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Laughter – Laughteryoga (engelsk side om latter)

Laughter Yoga (Hasyayoga) is a form of yoga employing self-triggered laughter. The "laughter" is physical in nature, and does not necessarily involve humor or comedy. The concept was developed by Indian guru Jiten Kohi. It was made popular as an exercise routine developed by Indian physician Madan Kataria, who writes about the practice in his book Laugh For No Reason.[1]

Laughter is easily stimulated in a group when combined with eye contact, childlike playfulness and laughter exercises. Fake laughter quickly becomes real. Laughter Yoga brings more oxygen to the body and brain by incorporating yogic breathing which results in deep diaphragmatic breathing. Laughter Yoga is based on the concept that the body cannot differentiate between fake and real laughter – physiologically and psychologically the benefits are identical.

In the mid-1990's Laughter Yoga was practiced in the early mornings, primarily by groups of older men in open parks. Later, a more formalized version was created and popularized as "Laughter Clubs".

Madan Kataria's first Laughter Yoga Club began on 13 March 1995 in Mumbai. Beginning with five people in a local public park, the concept has rapidly spread worldwide. As of 2009, over 6000 Laughter Clubs had been opened in 60 countries and many are still active.

Laughter Yoga is a unique exercise routine of unconditional laughter – sometimes combined with yogic breathing (Pranayama). Anyone can laugh without relying on humor, jokes or comedy.

Laughter is initially simulated as a physical exercise while maintaining eye contact with others in the group and promoting childlike playfulness. In most cases this soon leads to real and contagious laughter.

Science has proved that the body cannot differentiate between simulated and real laughter. Laughter Yoga is the only technique that allows adults to achieve sustained hearty laughter without involving cognitive thought. It bypasses the intellectual systems that normally act as a brake on natural laughter.

Laughter Yoga sessions start with gentle warm-up techniques which include stretching, chanting, rythmic clapping and body movement. These help break down inhibitions and develop feelings of childlike playfulness.

Breathing exercises are used to prepare the lungs for laughter, followed by a series of ‘laughter exercises’ that combine the method of acting and visualization techniques with playfulness.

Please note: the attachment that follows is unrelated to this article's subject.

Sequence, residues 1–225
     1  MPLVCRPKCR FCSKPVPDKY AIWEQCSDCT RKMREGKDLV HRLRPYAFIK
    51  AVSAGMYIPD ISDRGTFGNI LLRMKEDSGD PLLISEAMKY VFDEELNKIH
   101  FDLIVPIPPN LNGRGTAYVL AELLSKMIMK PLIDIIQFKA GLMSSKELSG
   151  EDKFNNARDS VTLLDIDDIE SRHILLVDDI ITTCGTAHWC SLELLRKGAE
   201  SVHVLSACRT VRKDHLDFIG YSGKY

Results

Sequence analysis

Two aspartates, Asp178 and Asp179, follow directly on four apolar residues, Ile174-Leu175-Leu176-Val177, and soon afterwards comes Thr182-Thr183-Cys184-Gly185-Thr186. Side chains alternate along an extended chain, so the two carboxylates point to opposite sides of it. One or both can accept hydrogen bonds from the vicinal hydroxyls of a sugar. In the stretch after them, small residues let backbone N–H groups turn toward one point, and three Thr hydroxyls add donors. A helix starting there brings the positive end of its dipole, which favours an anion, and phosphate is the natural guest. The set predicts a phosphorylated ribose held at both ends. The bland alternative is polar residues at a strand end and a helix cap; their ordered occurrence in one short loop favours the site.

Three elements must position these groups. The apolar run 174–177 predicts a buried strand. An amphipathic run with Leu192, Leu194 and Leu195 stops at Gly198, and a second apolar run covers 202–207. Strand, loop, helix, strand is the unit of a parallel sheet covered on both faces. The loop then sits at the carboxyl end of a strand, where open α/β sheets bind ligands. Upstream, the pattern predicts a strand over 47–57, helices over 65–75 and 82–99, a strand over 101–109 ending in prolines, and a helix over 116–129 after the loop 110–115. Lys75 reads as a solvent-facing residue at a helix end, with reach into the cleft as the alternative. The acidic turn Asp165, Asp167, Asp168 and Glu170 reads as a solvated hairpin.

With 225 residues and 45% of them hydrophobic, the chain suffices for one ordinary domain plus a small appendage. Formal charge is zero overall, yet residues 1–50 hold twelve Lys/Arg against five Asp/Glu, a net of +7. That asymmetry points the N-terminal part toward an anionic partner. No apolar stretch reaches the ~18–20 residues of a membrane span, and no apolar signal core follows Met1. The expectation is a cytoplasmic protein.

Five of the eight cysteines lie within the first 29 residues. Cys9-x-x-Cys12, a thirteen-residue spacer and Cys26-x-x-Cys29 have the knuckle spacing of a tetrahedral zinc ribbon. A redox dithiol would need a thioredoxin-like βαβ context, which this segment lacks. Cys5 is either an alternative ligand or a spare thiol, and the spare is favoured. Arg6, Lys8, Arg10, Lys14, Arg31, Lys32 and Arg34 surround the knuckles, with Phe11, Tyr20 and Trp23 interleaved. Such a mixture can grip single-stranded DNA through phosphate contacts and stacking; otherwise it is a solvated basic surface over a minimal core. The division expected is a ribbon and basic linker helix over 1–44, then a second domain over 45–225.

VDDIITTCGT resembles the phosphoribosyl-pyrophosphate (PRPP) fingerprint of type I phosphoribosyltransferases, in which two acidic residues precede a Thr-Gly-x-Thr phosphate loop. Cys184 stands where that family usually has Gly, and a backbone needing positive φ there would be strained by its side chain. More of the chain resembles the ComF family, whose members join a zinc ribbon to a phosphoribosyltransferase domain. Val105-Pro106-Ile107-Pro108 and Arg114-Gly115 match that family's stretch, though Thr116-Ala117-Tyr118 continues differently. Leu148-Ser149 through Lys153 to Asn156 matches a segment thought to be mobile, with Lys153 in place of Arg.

These exercises, when combined with the strong social dynamics of group behavior, lead to prolong and hearty unconditional laughter.

Laughter exercises are interspersed with breathing exercises.

Scientifically it has been proved that twenty minutes of laughter is sufficient to develop full physiological benefits.

A Laughter Yoga session may finish with ‘laughter meditation’ (or ’free laughter’). This is a session of unstructured laughter without instructions whereby participants sit or lie down and allow natural laughter to flow from within us like a fountain. This is a powerful experience that often leads to a healthy emotional catharsis and also a feeling of release and joyfulness that can last for days. This can be followed by guided relaxation exercises. You can hear this here

Why is it called Laughter Yoga?
The primary reason Madan Kataria named this technique “Laughter Yoga” was because he incorporated Pranayama, an ancient yogic breathing with laughter exercises. This has a powerful and immediate effect on our physiology and has been used for more than four thousand years to influence the body, mind and emotions.

From a medical point of view, the most important component of breath is oxygen. Dr. Otto Warburg, President, Institute of Cell Physiology and Nobel Prize Winner (Dr. Warburg is the only person ever to win the Nobel Prize for Medicine twice and be nominated for a third), said about the importance of oxygen:

“Deep breathing techniques increase oxygen to the cells and are the most important factors in living a disease-free and energetic life.”

  1. ^ Kataria, Madan (2002), Laugh For No Reason (2 ed.), Mumbai, India: Madhuri International, ISBN 9788187529019

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